How to design your dream home? (Part 3)

By Phil / On Jul.22.2015 / In / Width 0 Comments

In the last two posts we produced a series of sketches, that represented the type of thing we wanted to do, and we then plugged the sketch designs into the computer, initially developing simple block models. These were then manipulated, by a process of trial and error I have to say, to find a form that looked nice, or at least, not random. No grand concept lies behind any of them as they all conform to some basic stylistic typology, which we are trying to adhere to. This week we have pushed the process a little further, relating the model to the plan in a hopefully more legible way, and firming up on the massing of building shells, but without paying too much attention to the details. Lets again look at each design in turn.

Traditional - Looking on the web, a typical feature of traditional American homes seems to be the covered veranda, so I have developed the block sketch model to feature one, or two in this case, I’ve been rather over generous. I tried to make the rear elevation look organized by giving it some apparent symmetry with gable ends to each end of the two storey block. The single storey extension however is so surprisingly large it can contain rooms within the roof space. I have started to convert the block model into defining external wall thicknesses and roof thicknesses, as the model will be very useful as the design develops to visualize the spaces inside. The plan is not well developed, but the volumes inside can be conveniently divided up according the gables on the outside, creating a cellular structure, with a hallway down the middle, the layout can be much as you like it.

Mediterranean - The strong characteristics of this design are the square towers, and they leave a strong imprint on the plan. I don’t know whether the plan really is like a Mediterranean house, or is just my impression of one, but anyhow, I followed the steps as for the traditional design above, turning the block model into a model with wall, floor and roof depths all defined, and by drawing out the plan, I could check its buildability and ensure the spaces were going to be usable. With traditional building construction, I would generally limit spans to 6m or less, and avoid cantilevers where possible. Several of the towers I enlarged as the plan revealed they were too small to be useful. The window openings have yet to be determined, but as cloisters are characteristic of Mediterranean houses, I thought I better add one to the back. The openings have been formed with simple arches. I tried various curvatures and chose one that always gave adequate clearance below the roof line, without being too flat.

Contemporary – Not much has changed on this one as this design is incredibly simple. The front elevations were simply flipped over to form the back elevation, and the plan drawn out to determine an adequate depth for the building. I redefined the site boundary as the building is planned for a narrow lot, as we don’t have an actual site for this, it could be the building is the full width of the site.

Modern - The great advantage of domestic flat roof buildings is the opportunity to use the roof as outdoor space. I wanted to make the most of this as a feature, and chose to use an external staircases to enhance the elevations as well as providing alternative means of exit. To make more of the front elevation, I framed out the single storey extension, which I thought could possible form an external shading device for the single storey roof area. I looked at several options for the position of the external stairways. I don’t have any idea which will look better in advance, I simply draw it and then see whether I like it or not, so if like me, you don’t have a clue what will look best, draw as many things as you can think of and surely one of other option will appeal to you more. I wrestled with forming the rear elevation also, sometimes I can get away with reflecting the front elevation on the rear, but on this occasion it didn’t work, I think because the lighting was different. An advantage of designing with 3D computer models rather than traditional elevation drawings it the effect of light is clearly visible on the rendering, so use a 3D modelling program if you can. I settled on a largely symmetrical rear elevation with a cantilever running the full width, an elegant spiral stairway gives access to the roof of the single storey extension, and a section of horizontal louvers give the ground floor a strong horizontal element, which could be used to conceal a laundry space, or air conditioning plant, but I confess is more of an aesthetic device.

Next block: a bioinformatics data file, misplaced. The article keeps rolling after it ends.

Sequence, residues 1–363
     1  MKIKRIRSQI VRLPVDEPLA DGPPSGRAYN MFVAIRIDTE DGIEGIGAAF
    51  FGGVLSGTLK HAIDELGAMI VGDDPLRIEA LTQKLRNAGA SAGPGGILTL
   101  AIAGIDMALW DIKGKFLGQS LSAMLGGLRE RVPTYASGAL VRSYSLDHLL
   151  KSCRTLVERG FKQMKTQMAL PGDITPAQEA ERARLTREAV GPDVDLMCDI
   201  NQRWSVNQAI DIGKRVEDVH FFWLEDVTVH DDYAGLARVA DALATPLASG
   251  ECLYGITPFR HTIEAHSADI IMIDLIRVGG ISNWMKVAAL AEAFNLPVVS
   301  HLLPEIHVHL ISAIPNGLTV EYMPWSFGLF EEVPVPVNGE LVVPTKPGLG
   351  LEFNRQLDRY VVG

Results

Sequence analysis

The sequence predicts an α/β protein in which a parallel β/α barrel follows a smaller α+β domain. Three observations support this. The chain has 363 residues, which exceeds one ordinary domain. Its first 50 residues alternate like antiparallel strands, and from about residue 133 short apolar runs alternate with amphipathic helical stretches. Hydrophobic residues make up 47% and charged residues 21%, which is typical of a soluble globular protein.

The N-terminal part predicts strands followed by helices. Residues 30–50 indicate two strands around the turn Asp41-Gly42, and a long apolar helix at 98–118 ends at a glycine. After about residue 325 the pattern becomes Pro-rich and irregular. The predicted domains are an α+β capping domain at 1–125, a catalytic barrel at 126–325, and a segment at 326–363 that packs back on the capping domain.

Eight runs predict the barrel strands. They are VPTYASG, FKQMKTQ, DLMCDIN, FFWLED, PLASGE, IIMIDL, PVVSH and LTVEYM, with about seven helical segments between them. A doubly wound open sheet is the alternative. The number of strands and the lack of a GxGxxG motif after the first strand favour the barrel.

Deconstructivist – The form of this building was largely set in the last post, it’s basically a rectangular box with a tin roof. To refine it a little more, I made the shading canopies seamless with the box, adjusted the dormers (on the right side of roof), to optimise space and light inside the building, and recessed the roof glazing, to create deep shadows and and shade against solar insolation. The plan was further developed, settling on a spiral staircase in the entrance lobby, largely to avoid using valuable walls space, needed for the bedroom doors, as this building doesn’t have any corridors.

In future posts I will focus more on developing one or two of the designs in turn as its easier that juggling five simultaneously. Detail design also takes a fair bit longer than the concept design stage, so this should help with that too.
Let me know what you think in the comments below, and see you in my next post.